Valentina Shevchenko faced several critics following her latest win and now, Michael Bisping is here to debunk those theories.
The UFC women’s flyweight champion outclassed Liz Carmouche over the course of five rounds in the main event of last weekend’s UFC Uruguay. Although it was a wholly dominant performance, many were quick to call the win uninspiring. For her part, “Bullet” tossed those critics aside. However, former UFC middleweight champion Bisping took the defense of Shevchenko to a new level.
‘The Count’ was in Uruguay calling the action that evening. He’s since heard the criticisms of Shevchenko and he doesn’t agree whatsoever. Bisping effused his support for the dominant women’s champion on his Believe You Me Podcast (via MMA Fighting). In doing so, he noted Shevchenko has simply set quite the lofty bar for herself. As a counter striker, she expected Carmouche to pressure her, and that just didn’t happen:
“I think the problem for Shevchenko is that she was so amazing in her last fight. People were kind of expecting another stunning knockout, especially when you combine it with the fact that – and no disrespect to Liz Carmouche, very, very tough fighter, been around for a long period, she deserves respect – on paper, when you break it down, Shevchenko’s supposed to smoke her all day long. That’s what everybody was expecting.
“So number one, everybody was expecting it. Secondly, Carmouche staying so far on the outside . . . she was a little hesitant to get inside the pocket so she wasn’t landing much and Shevchenko’s game plan was to let Carmouche come to her and then counter. And Carmouche wasn’t doing that.”
The Pressures Of Being Champion
Bisping stopped short of calling it an all-world performance, however. He admitted ‘Bullet’ could have done more, but also fixated on the fact that UFC champions have so much more to lose. He compared Shevchenko’s situation to that of his own when he upset Luke Rockhold:
“Could she have done more?. Yeah, she could’ve done more, but you’ve got to remember, she’s defending the UFC world title. There’s a lot of pressure there. Great things happen to you when you’re UFC champion of the world and you don’t want to lose that. Number one you’ve got the money, you’ve got the fame, you’ve got the adoration, all that. And then you’ve got external opportunities.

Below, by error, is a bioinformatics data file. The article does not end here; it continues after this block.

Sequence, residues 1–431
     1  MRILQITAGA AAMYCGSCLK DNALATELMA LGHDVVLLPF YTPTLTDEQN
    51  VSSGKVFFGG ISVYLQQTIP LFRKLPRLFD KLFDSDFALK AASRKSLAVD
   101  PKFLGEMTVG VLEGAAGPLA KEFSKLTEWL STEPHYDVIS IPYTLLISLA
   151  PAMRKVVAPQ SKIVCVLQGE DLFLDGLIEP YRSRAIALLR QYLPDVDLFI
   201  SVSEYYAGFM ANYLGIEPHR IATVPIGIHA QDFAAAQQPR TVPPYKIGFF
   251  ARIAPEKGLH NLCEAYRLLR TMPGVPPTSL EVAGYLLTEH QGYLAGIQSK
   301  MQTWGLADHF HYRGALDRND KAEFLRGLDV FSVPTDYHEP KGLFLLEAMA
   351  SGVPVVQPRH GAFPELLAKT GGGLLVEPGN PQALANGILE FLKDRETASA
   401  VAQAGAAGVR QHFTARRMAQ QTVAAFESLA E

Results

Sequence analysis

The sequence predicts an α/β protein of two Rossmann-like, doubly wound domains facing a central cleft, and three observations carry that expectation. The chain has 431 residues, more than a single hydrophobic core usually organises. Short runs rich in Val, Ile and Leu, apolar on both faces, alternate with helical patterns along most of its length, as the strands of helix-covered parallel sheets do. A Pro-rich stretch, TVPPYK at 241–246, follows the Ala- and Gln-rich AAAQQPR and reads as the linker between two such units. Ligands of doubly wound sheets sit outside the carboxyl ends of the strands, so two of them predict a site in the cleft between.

“You get more sponsors, you get more recognition. For instance, when I won the belt against Luke Rockhold, that was on a Saturday. Monday morning I had two emails about potential movie offers. People want to do business with world champions. Sponsors want to do it. Movies want to do it. You’re on top of the world.”
A Reign Similar To Silva?
Finally, Bisping pulled it all together by noting that even the most exciting champions are prone to having lackluster performances once in a while. He pointed to the career of all-time great former middleweight champion Anderson Silva, a fighter Shevchenko has been compared to recently:
“So when you put all that together, yes could she have done more? 100 percent. Was it a classic performance? No. Was it a performance she wasn’t overly proud of? Perhaps. But was it truly dominant? Was it utterly one-sided? Yes, it was. And what you’ve got to remember is that as a champion, sometimes that’s going to happen. Look back at Anderson Silva. Look at his title reign. Not every fight he was in was the most sensational fight.
“Yes, he provided many, many beautiful, extreme, creative knockouts that captured everybody’s imagination but some of them…The first one that springs to mind is Demian Maia. That fight was just goddamn awful. But it didn’t affect his legacy. So Shevchenko, well done. A very, very successful title defense. Not the most stunning but as we just said, that’s just the way it goes sometimes.”
Which side are you on regarding Valentina Shevchenko’s dominant (yet uninspiring) UFC Uruguay title defense?